As you gather your sustainability stories, take stock of where you really are and include an honest measure of what is truly sustainable inside your operation in an accessible and clear way. Be up front about the challenges and your team’s assessment of how you will address them.

  • Taking the hit: not letting perfection get in the way of progress

    by Travis Lee on January 11, 2009

    Co-author, Scot Herbst

    Recently, quite a few people have been asking me the same two questions: how do I feel about greenwashing and do I think we will see more or less greenwashing in the coming years? To which I usually respond that it depends on what they mean by greenwashing. Their definitions vary in the details, but they usually include two categories.

    1. The company that makes no sustainability efforts, but claims that they care about the environment more than we know.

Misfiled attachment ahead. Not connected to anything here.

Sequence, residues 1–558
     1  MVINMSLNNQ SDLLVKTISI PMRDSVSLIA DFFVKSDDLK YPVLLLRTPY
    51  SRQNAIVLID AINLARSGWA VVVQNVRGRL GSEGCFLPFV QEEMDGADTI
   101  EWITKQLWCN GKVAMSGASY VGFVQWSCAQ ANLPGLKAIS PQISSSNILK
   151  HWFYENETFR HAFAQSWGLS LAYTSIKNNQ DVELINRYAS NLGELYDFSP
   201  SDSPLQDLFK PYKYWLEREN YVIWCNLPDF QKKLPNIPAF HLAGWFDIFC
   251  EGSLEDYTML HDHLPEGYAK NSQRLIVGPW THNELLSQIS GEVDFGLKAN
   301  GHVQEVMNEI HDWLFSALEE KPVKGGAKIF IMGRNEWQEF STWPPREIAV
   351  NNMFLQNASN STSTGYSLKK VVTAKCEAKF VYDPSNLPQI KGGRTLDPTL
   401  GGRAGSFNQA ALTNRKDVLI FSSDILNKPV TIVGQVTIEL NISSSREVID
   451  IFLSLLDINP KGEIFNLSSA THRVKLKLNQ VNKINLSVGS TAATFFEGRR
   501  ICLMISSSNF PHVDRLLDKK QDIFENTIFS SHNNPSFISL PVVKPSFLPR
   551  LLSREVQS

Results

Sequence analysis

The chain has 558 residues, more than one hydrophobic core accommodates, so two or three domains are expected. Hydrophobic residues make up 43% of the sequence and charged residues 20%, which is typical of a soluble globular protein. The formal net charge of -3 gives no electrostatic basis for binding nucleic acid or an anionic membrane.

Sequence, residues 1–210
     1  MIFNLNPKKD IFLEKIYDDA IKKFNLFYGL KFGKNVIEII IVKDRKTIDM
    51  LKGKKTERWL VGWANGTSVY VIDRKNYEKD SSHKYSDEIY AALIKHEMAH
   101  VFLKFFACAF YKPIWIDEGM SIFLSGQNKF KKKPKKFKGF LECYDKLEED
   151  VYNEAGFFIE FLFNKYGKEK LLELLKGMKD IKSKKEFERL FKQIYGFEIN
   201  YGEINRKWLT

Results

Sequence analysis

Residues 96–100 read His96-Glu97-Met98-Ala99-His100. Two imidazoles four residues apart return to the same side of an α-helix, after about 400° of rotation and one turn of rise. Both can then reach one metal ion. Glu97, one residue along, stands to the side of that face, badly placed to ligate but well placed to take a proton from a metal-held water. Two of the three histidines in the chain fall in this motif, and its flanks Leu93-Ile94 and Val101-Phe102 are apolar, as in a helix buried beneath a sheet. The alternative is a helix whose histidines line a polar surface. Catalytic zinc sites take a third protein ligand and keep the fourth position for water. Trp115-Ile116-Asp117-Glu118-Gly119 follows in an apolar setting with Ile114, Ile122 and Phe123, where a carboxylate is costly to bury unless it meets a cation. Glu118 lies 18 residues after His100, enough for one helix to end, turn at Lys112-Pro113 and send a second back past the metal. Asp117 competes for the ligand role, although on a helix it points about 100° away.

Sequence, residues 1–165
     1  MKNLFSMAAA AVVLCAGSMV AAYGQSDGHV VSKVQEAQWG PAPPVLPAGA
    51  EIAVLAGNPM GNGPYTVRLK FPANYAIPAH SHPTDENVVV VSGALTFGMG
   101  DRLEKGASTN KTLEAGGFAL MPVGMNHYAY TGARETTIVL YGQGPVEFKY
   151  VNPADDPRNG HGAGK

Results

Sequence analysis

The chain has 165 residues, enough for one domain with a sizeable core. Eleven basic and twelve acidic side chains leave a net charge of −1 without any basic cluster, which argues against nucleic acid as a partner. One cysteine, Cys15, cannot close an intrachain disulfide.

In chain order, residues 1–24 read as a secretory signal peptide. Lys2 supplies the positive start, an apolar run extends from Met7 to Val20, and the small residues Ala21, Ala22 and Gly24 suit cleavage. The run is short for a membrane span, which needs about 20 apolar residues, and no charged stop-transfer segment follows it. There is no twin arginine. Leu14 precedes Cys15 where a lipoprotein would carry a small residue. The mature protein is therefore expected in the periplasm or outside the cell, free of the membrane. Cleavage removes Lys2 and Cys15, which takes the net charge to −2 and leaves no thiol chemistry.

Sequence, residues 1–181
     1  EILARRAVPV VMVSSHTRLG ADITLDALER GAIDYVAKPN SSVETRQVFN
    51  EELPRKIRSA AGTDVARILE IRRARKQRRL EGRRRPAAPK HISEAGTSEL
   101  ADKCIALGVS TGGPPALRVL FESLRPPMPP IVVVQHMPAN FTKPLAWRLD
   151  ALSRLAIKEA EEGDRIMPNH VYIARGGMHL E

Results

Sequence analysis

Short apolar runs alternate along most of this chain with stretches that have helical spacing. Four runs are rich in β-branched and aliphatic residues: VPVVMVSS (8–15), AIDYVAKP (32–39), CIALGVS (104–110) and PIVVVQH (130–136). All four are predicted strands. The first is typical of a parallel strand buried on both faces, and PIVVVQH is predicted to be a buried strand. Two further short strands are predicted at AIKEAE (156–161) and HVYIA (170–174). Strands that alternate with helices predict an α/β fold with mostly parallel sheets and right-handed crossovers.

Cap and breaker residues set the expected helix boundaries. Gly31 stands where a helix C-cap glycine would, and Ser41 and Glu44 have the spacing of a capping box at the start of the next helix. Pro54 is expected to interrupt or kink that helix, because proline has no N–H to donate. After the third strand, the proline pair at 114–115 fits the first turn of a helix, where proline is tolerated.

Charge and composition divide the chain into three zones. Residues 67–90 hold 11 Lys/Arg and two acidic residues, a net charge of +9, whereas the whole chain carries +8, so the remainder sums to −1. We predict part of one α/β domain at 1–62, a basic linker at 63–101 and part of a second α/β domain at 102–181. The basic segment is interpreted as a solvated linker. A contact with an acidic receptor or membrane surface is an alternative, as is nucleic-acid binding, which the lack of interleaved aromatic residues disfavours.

2. The company that releases a product and brags about the sustainability efforts involved in its creation, even when the product is not really sustainable.

    The first category is obviously despicable, and companies that engage in that kind of blatant falsity are bound to soon be exposed for what they are by the increasingly educated and concerned consuming public.

  • Leveraging the power of Web 2.0 to drive sustainability

    by Inês Sousa on January 2, 2009

    This year’s Green Festival in San Francisco featured the Green Web Pavilion organized by Joey Shepp. For the first time at the Green Festival, there was a space dedicated to innovative, Internet-based organizations committed to environmental stewardship and social responsibility.

    What else did they have in common? They all use the power of knowledge sharing, collaboration, social networking, transparency, global perspective and diversity in the Web 2.0 landscape to help them accomplish their missions.